Commission Proposes Significant Reduction in Emissions of Fluorinated Gases

The European Commission has taken an important step today towards long-term climate objectives by presenting a proposal to significantly reduce emissions of fluorinated gases (F-gases). Emissions of F-gases, which have a warming effect up to 23,000 times more powerful than carbon dioxide, have risen by 60% since 1990, while all other greenhouse gases have been reduced. The proposed Regulation aims to reduce F-gas emissions by two-thirds of today’s levels by 2030. It also bans the use of F-gases in some new equipment, such as household fridges, where viable more climate-friendly alternatives are readily available.

F-gases are commonly used in refrigeration and air conditioning, as well as in electrical equipment, insulation foams, aerosol sprays and fire extinguishers. They leak into the atmosphere from production plants, from appliances they are used in, and when such appliances are thrown away.

The proposal introduces a phase-down measure that from 2015 limits the total amount of the most significant group of F-gases – Hydrofluorocarbons (HFCs) – that can be sold in the EU and reduces this in steps to one fifth of today’s sales by 2030. This measure will build on the successful phasing out of ozone-depleting substances which was achieved in the EU 10 years ahead of the schedule agreed internationally.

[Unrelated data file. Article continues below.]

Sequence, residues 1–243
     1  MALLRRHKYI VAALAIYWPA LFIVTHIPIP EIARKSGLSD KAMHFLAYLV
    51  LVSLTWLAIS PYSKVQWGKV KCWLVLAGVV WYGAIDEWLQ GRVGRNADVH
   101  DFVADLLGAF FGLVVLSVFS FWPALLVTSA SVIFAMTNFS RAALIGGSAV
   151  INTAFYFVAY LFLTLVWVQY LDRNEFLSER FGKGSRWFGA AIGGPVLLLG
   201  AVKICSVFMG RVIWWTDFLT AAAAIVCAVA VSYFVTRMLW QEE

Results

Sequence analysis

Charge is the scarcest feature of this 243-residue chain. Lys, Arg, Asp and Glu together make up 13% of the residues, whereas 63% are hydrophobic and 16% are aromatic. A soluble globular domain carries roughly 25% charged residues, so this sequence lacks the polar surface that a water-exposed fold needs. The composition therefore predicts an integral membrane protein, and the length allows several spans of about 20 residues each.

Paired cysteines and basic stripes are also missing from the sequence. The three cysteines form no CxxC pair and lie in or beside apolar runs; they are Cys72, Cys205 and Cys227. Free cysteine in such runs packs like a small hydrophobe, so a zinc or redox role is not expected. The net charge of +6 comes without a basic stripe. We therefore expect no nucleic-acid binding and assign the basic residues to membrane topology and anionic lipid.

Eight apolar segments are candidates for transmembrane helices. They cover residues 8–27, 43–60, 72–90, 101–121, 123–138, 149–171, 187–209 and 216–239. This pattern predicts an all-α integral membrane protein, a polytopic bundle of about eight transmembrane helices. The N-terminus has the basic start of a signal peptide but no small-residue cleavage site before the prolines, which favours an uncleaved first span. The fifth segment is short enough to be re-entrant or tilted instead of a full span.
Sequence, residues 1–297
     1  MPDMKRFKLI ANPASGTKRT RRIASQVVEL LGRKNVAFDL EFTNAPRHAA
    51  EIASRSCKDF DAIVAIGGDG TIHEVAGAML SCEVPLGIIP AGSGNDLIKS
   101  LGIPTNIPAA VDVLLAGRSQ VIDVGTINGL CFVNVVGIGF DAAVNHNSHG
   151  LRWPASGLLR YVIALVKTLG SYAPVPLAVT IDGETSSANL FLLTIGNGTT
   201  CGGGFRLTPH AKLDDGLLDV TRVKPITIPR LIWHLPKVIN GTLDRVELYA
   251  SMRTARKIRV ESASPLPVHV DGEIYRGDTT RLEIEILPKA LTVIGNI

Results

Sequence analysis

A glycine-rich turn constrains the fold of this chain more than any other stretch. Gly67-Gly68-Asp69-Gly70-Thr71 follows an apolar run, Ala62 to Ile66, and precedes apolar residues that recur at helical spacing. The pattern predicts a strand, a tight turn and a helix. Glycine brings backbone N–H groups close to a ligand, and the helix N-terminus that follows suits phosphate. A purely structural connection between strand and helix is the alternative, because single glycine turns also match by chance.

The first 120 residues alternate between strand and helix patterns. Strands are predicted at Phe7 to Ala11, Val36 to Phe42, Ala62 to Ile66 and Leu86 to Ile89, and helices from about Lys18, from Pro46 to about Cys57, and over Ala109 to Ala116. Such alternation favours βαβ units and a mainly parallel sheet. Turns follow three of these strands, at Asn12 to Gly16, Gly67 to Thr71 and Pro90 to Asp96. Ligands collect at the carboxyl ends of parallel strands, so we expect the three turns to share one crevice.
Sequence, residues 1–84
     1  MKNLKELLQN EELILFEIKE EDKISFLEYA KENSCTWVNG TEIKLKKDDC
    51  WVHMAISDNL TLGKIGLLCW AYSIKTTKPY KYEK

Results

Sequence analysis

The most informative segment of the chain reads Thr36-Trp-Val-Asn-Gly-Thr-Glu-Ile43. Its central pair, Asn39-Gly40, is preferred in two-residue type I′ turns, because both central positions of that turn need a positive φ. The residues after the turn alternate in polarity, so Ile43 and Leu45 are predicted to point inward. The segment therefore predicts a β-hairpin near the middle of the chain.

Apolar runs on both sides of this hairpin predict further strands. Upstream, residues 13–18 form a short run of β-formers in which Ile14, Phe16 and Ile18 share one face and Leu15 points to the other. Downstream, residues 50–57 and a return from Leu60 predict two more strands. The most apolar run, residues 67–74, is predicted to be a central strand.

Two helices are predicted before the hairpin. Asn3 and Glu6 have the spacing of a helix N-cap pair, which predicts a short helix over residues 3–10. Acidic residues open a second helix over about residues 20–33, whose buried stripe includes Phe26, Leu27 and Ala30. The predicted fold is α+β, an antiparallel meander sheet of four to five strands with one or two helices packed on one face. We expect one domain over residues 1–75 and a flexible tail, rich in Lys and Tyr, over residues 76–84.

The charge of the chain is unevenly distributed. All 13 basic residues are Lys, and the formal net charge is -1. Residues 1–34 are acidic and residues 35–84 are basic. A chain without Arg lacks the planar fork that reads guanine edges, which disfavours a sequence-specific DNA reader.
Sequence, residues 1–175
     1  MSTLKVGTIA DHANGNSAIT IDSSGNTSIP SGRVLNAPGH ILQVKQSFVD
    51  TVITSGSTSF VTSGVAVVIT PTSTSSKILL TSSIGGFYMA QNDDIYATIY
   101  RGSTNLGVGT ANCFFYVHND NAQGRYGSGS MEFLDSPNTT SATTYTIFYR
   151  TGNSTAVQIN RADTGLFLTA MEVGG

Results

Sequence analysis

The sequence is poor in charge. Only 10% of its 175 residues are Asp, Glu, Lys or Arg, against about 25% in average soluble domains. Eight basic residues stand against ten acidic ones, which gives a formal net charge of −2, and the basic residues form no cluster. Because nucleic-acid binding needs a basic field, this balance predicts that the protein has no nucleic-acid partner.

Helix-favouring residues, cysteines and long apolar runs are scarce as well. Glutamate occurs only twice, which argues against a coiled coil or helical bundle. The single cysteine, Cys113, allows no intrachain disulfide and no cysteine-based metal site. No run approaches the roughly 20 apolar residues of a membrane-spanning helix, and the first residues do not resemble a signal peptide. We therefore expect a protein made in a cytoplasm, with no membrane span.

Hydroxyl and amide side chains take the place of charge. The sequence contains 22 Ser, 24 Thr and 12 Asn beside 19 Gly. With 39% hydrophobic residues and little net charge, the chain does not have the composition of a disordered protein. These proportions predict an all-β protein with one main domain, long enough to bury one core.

The proposal will be submitted to the European Parliament and the Council for discussion and adoption under the ordinary legislative procedure.

The European Commission’s low-carbon roadmap lays out a cost-efficient way to achieve the necessary reduction in emissions required under a global effort to limit warming to 2 degrees Celsius above pre-industrial levels. In order to achieve this objective, all sectors and greenhouse gases must contribute.

The roadmap envisages a reduction of emissions of over 70% by 2030 for the industrial sector that includes F-gases. The new proposal has been designed to achieve these savings, representing a cost-efficient contribution from the F-gas sector to the overall economic effort needed to avoid more costly consequences of climate change in the future.

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